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May 25, 2012     Heritage Florida Jewish News
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May 25, 2012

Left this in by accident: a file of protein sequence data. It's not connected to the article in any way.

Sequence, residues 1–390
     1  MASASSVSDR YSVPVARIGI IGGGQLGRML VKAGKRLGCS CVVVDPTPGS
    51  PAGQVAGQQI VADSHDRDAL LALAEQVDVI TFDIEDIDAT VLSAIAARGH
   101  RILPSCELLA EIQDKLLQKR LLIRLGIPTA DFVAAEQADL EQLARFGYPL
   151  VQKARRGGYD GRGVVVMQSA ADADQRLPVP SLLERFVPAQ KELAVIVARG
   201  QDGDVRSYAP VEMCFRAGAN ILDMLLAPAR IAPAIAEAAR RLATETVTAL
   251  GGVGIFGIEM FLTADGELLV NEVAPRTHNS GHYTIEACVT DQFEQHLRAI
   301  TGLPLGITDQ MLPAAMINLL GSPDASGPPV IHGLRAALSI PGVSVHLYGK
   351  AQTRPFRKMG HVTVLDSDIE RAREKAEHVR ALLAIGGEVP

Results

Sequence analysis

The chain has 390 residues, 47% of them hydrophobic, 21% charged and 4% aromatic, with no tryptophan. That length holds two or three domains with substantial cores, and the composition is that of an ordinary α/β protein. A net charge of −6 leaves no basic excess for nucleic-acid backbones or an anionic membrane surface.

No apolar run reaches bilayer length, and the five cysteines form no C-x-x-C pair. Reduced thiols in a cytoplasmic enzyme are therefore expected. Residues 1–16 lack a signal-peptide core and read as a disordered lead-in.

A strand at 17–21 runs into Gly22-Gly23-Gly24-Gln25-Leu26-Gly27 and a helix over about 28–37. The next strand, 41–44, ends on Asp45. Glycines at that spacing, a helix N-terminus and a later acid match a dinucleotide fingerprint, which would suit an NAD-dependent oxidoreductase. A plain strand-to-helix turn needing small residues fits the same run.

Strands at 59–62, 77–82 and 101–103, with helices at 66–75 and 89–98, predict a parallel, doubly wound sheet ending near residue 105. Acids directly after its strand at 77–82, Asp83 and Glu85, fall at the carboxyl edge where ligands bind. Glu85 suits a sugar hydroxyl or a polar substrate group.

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PAGE 4A Good 00JlI00ord By David Bornstein The complete season Some people mark their years by holidays, New Year's Day or Chanukah or Christmas. Some mark their time by their children, a calendar of school and summer, inches grown, tests passed and failed, days of trials and suc- cesses. Others remember tleir days based on vacation or work, anniversaries and birthdays and deaths, and some don't mark the passing of time at all. I look back and remember my year based both on what I've experienced and what I've written, and judge my personal success and satisfaction by recalling the words I've put on the page, and whether they achieved the purpose I had in mind for them, fell short or exceeded my hopes and expectations. Many of those words are captured here, on the pages of this small Jewish newspaper, and it's time now for me to look back and see how I've done in another season of attempted good words. I've beenwriting this column for more than 10 years now, and in that time I've covered a lot of ground. This year was no exception. wrote about lessons construction workers learned about charity, about Jewish sororities, and about controversy between a professor and students at a local college. I wrote about Face- book updates and new be'ginnings, second (arid not-so second) wives, the release of Palestinian prisoners in Israel and the trap of little league baseball in Maitland. I wrote about old age and old friends, about God and faith, and as I look back t feel pretty good about the body of this year's work. It's a set of essays with some heft, with just enough weight and insight and introspection and heart, and maybe enough to have a lifespan a bit beyond that of newsprint. But as always, it was your responses to my columns that let me know I was doing something right. My column about reconnecting with my old friend Gene from college caused another old friend of mine to write, "As usual, you made me think, youmade me introspect, and this Shipley speaks Jim Shipley A failure to communicate I'm an ad guy. And a sales guy. I have been taught and practiced the art of getting a story across to willing listeners, skeptical listeners and downright hostile non-listeners. The idea is to present your point of view in a way that will reinforce the willing"prospect's" desire to take the action you are requesting; changing the mind of the skeptical one and perhaps even swaying the hostile "prospect" a bit. You would think after all these years, the State of Israel--with t.hat incredible product called the Jewish State; would have developed a strong story and a compelling narrative to get the story of this only democracy in the Middle East across to a broad audience of all three types of prospects. Who would have figured that a nation of Jews would be great at farming and fighting and terrible at public relations? As Ambassa- dor Michael Oren points out in his Wall Street Journal OP Ed, back in 1973, Life Magazine devoted a cover and 92 pages to the miracle of the State. Admittedly, that presentation may have been a bit over the top--but there was not a single misstatement in it. In 1968 a show from Israel titled "To Live Another Summer" featuring the Grand Bal- let of Israel toured the US. Israel was still in the flush of staving off annihilation and celebrating its victory. But, the backlash had already started. The insipient anti-Semitism around the world began to snipe. Who were these Jews that instead of going to their .deaths quietly so that we could mourn them, dared to survive? So, a song right at the beginning of the show was called "We're Sorry We Won It". It expressed the thought that"A Jew Who is a Winner is To Be Scorned". Since 1973, the Arab nations, pretty well deciding that they could not destroy Israel by force, have turned to more subtle tactics. They are using the one weapon that they have multiple times more than Israel: money. The Arab nations of Saudi Arabia, Syria, The Emirates and others have "bought" chairs at numerous universities to "teach" an anti- Israel message to students. Unwitting young minds that have come out of our high schools with little or no knowledge of modern wbrld history are susceptible to a message of the weak against the strong, the hapless against the establishment. But, these insidious pur- veyors of hate have turned history on its head. The Jew as victim is an image we do not and .will not accept. But, to teach that Israel is an "Apartheid" state and the military might of the Middle East, or that they are occupiers is red meat for the gullible young. It must be counter acted. Israel gave up Gaza. No quid pro quo--just left. Now thousands of missiles have rained down over the years since. A thriving green- house and vegetable industry, left for the Arabs to take over and create an economy was stripped of its equipment and cannibalized. Yet, the propaganda machine churns on. I participated in a forum at Rollins College in Winter Park where a young, bright female Jewish student who had attended a summer program sponsored by "Seeds of Peace" stood and proclaimed that the audience should protest their tax dollars going to "kill Pales- .tinian babies." Where are our voices? Who proclaims the dozens of Nobel prize winners from Israel? Do your kids know of the thousands of Arab mothers who give birth in Israeli hospitals every year? Can they even imagine what it is Shipley on page 19A THE VIEWS EXPRESSED ON THIS PAGE ARE Ni,T NECESSARILY THE VIEWS OF HERITAGE MANAGEMENT.   CENTRAL FLORIDA'SINDEPENDENTJEWISHVOICE   ISSN 0199-0721 Winner of 4O Press AWards HERITAGE Florida Jewish News (ISN 0199-0721) is published weekly for $37.95 per year to Florida ad- dresses ($46.95 for the rest of the U.S.) by HERITAGE Central Florida Jewish News, Inc., 207 O'Brien Road, Suite 101, Fern Park, FL 32730: Periodicals postage paid at Fern Park and additional mailing offices. POSTMASTER: Send address changes and other correspondence to: HERITAGE, P.O. Box 300742, Fern Park, FL 32730. MAILING ADDRESS PHONE NUMBER P.O. Box 300742 (407) 834-8787 Fern Park, FL 32730 FAX (407) 831-0507 email: Editor/Publisher Jeffrey Gaeser Editor Emeritus Associate Editor Assistant Editor Gene Starn Mike Etzkin Kim Fischer Society Editor Bookkeeping Gloria Yousha Paulette Alfonso Account Executives Barbarado Carmo Marci Gaeser Contributing Columnists Jim Shipley Ira Sharkansky Tim Boxer David Bornstein Terri Fine Ed Ziegler Production Department David Lehman * David Gaudio * Teri Marks Elaine Schooping Gil Dombrosky Caroline Pope I HERITAGE FLORIDA JEWISH NEWS, MAY 25, 201? time, you made me cry." While my goal is never to make people cry, it's nice to know the story moved someone. It also received what I consider praise of the highest sort from a gay member of our Jewish community; who ap- preciated how I dealt with the sensitive subject of gay and straight friendship. Gene liked the piece as well, and said it affirmed, for him, why we were back in touch. My column about my dog Clare got a re- sponse from, amazingly enough, a psychic in Michigan. She wrote, "Your dog Clare is still with you, just in another dimension. As far as not being there for her death, you are forgiven. Clare knew and knows that you loved and love her as much as she did and does you. Peace be with you." While Clare is with me in the most Jewish of ways--in loving memory--her ashes were spread years ago back in Ann Arbor, in Lhe Huron River, and if anything, she is with all of us today. And though I'm not a true believer, this psychic's promise of forgiveness made me feel somehow lighter. David Brent couldn't resist telling me that he grew up with the same patterned couch that was in the picture of me and Clare. How many weird Aztec print couches are there in existence? Can reality be any stranger? And finally, not since I wrote a series about our local Jewish agencies have I received as man, strong responses to a column as I did with "My Mother Who'Lives Alone." They ran the gamut from"I'm going through the exact same thing with my parents," to "Has your mother disowned you yet?" and "I would never have had the nerve to write something like that." Even my sister had a-profoundly deep, disturbed reaction to the article, which she thought disrespected our mom. I went back and read and re-read the piece, and came away confident I'd been fair and evenhanded, and this was affirmed by my mother herself, who both enjoyed and appreciated the column. To all those who had such strong, visceral reactions, I learned, some years ago, that when one has a reaction that is out of proportion to the comment or event you're responding to, it's not about the comment or event. It's about you. So I challenge you to take a step back and ask yourself, what was it about this piece of writing thataffectedyou'so deeply? Is it your own fear of growing 51d, or your parents' impending deaths, or something else hidden, buried deep inside yourselves that yQu're hav- ing trouble seeing and dealing with? That's your free therapy for the week. And thus another season of The Good Word comes to a close. I hope it's been as cathartic, as therapeutic, as helpful and hopeful and reflective and revealing for you as it's been for me. It's been a good year, a tough year and a unique year, but it's also been a year of growth and change, and if I can do that 10 years into this personal, political, very public column, I am confident so can you. Peace be with you and yours, until we meet again in the fall. And that's the good word. The opinions in this column are those of the writer and not the Heritage or any other individual; agency or organization. Send your thoughts, com- ments and critiques to the Heritage or email Pluralism means finding your place in the Jewish story By Edgar M. Bronfman no valid question that is rude, only questions NEW YORK (JTA)--For the past six years The Samuel Bronfman Foundation, which is named in honor of my father and that I now run with my son Adam, has held a conference called "Why Be Jewish?" It is an intimate gathering that seeks to explore an expansive question. This year, in conjunction with the Shalom Hartman Institute, we will focus on the idea of Jewish pluralism. Jewish pluralism, to me, is about finding your place in the story of our people. All Jews share a narrative going back to the patriarchs and matriarchs who created us, and they are wonderful and complex stories to share, study and learn. Jewish texts root you in the world and allow you to understand yourself, your values and your culture, all the while speak- ing to our modern lives with ancient wisdom. Every Jew, regardless of belief and prac- tice, should be able to see themselves in the narrative, values and rituals--in all their permutations-- that bind us together as the Jewish people. We have an obligation as Jews to educate ourselves about our shared texts, common history and the traditions we have inherited. At the heart of my Jewish beliefs is the tradition of questioning. Questioning is how we begin to learn. We Jews constantly discuss complex issues about how to live a moral and meaningful life, and seek guidance from sources rang!ng from our sacred texts to our most assimilated activists. We debate openly and are not shy, nor should we be. All Jews, regardless of how they choose to practice--or not practice--their Judaism should be encouraged to engage in this dia- logue. Questions are where education begins, and with education comes a sense of pride and ownership. The challenge for those of us who care about seeing Judaism thrive now and in the future is not to tell people what they should think, but rather to encourage them to learn enough that they can arrive at their own conclusions. Taking a curious rather than pedantic ap- proach to the question of why we are Jewish has led me to studying Jewish texts, history and culture. That knowledge has become, as I enter my 83rd year, a wellspring of joy and inspiration. It is not because studying taught me how to be a Jew, but rather because it rewarded my curiosity and helped me become a better human being. On of the greatest lessons I've learned through studying Judaism is the necessity of mutual respect, and this idea lies at the heart of pluralism. To debate well we must be civil. To answer questions we must listen. I am a firm subscriber to the riotion that there is rudely asked. The "Why Be Jewish?" conference this year also marks the 25th year of a program I founded called the Bronfman Youth Fellow- ships in Israel. BYFI takes a small group of young, promising future Jewish leaders from across the spectrum of beliefs and traditions and immerses them in intensive study both here and in Israel. It is of great importance to me that the teenagers in the BYFI program represent people from across the Spectrumof Jewish.experience so that they learn not only by engaging in Jewish study, but also through dialogue with each other. My hope is that the future of pluralism can be seen through the transformative conversations that occur between participants. This type of Jewish dialogue shouldn't just be limited to teenagers in intensive study programs, but is something we can all share with each other through learning with our families, friends, communities and, even upon occasion, those we might see as our enemies. Jews are, after all, a family of sorts. Evenwhen we disagree, we are mutually bound to care for each other. That interconnectedness means respecting otherstreams of Judaism and discoveringwhat we can learn from each other. Pluralism is an open Judaism where all denominations can be inspired and gain wisdom by listening to each other. Regardless of individual practice, we all share a rich heritage in which meaning can be found for every Jew, from the traditionally pious to the most skeptical of conventional religious practice. Pluralism also means egalitarianism. Women's contribttions as Jewish leaders and rabbis have only enhanced our community as a whole, as has the open inclusion of homo- sexuals. Their active participation in Jewish life should be encouraged across the entire spectrum of Jewish practice and ideologies. The more widely we open out tent, as our forefather Abraham di(i, the more Judaism is enriched. All should be welcome and able to express themselves within our community. Like Abraham, who was known to keep his tent open to accommodate all who wshed to be included, pluralism means all thatwho wish to come into our Jewish community must be welcome. Judaism is strong and rich enough to take on a plurality of practice. There is room for all in our story. My hope for all Jewish people is that they write a new story for themselves that will be told for generations to come. Edgar M. Bronfman is the president of The Samuel Bronfman Foundation and is work- ing on a book about Jewish peoplehood with journ, Ruth Andrew Ellenson. He is the former CEO of the Seagram Company Ltd.